As a rule of thumb in rifle hunting, a bullet loses effectiveness when it drops below 900 ft/lbs.
So you are under gunned with either one in a hunting situation.

On a similar note, I got to talk (first hand) to a vietnam vet that was in special forces. He served in Cambodia and was in some fierce fire fights, some where he had to resort to a pistol.
He was talking about being over run and shooting people with a 45 acp. He said they went down and "popped back up shooting".
He later switched to a 357 magnum revolver which he stated "they went down and stayed down". Granted this wasn't a series of controlled tests, but a guy who has actually shot people with both cartridges.

Comparing ballistics, I agree with what he stated.

So as this digresses, you can keep thinking that a 45 acp is the best handgun cartridge in the world. I will keep emphasizing that non-magnum handgun cartridges are "less than lethal, and you better shoot until empty and prepare to fist fight or run a foot race"

This is coming from a guy that owns and loves to shoot a 1911 in 45 acp.
I also own 357 mag, 44 mag, 45 colt, 32 cal, and have owned several 9mm.
I'll be picking up a 22 mag for a pocket gun this afternoon. I am fully prepared to shoot 5 and commence to either fighting or running

There are plenty of references to "bear country handguns" on this forum. While the chances of ever having to shoot a black bear with a handgun are very slim. If you are going to try to run an aggressive bear out of camp. You are better off doing it from the inside of a vehicle and/or with a firearm that will deliver enough payload to drop a bear.
Also preferably with a buddy that can shoot fast and run slower than you.

I was simply posting a story second hand from a guy that deals with bears for a living that carries a state issued 40 cal.
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Old 04-21-2010, 11:43 AM   #22 (permalink)
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Ok. For the purpose of stopping, isn't it better to have a slow big moving projectile(like a bowling ball) rather than a small fast moving one(like a dart)?


As I said above, things are different with a bear, I'm sure.

Good points, I understand and fully agree.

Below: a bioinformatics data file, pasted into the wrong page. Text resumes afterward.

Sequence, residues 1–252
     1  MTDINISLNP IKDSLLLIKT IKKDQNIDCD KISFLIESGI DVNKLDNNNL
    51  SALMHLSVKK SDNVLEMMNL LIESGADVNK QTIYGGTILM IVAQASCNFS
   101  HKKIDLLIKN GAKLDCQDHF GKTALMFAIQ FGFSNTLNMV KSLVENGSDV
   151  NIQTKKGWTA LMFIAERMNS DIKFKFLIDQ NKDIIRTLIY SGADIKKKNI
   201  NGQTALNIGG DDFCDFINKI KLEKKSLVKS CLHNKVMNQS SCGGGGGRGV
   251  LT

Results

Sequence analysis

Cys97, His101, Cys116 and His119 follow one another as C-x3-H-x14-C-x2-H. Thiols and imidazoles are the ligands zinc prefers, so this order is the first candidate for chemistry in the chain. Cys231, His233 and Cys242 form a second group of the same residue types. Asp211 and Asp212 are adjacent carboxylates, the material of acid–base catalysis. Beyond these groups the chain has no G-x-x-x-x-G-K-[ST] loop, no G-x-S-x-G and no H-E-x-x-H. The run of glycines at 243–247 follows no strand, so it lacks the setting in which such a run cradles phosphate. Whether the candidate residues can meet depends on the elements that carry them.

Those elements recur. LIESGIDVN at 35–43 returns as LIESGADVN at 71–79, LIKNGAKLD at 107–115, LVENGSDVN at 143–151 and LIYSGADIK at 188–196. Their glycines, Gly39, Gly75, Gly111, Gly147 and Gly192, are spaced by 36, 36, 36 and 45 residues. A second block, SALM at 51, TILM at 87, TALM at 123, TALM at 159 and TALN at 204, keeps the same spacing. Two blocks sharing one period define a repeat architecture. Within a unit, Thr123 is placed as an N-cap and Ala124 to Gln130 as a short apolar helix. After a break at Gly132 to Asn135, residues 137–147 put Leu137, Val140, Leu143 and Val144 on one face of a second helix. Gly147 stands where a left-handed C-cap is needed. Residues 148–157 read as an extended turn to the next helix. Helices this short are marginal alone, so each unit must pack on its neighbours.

I'd also rather have a .44mag or Casull for anti-bear in field. But I still think a .45 is better than .40, .38, .357mag, 9mm, etc.

If limited to the above small caliber choices, for stopping purposes I would rather hit them with a bowling ball .45 than a highspeed dart .357mag. Disagree?
For the purposes of stopping, you need a relatively large, relatively fast moving projective with major hydrostatic shock.

I'll grant you, in general terms, that the .45 is MARGINALLY better than most of the smaller calibers you mentioned. Still, if I'm not already face-to-face with a bear and I don't already own a backup gun, I'm not going to spend money on any of those guns because none of them are likely to do the job. The .357 Magnum is the one POSSIBLE exception. But, again, if I don't already have the .357 and I seriously expect to be running into angry bears on a regular basis, like SilverZuk's buddy, I'm not going to spend my money on anything less than the best possible gun out there.

Right tool for the job and all that ....
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Old 04-21-2010, 11:43 AM   #23 (permalink)
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Not sure if handguns really get into the realm of pressure like rifles, but from the chart above it's showing slow big rounds creating more pressure than light fast small rounds?
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Old 04-21-2010, 11:45 AM   #24 (permalink)
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I believe your chart is showing chamber pressures. That can be greatly influenced by powder and bullet selections.
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Old 04-21-2010, 11:46 AM   #25 (permalink)
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It's from PDs link about shock on wiki.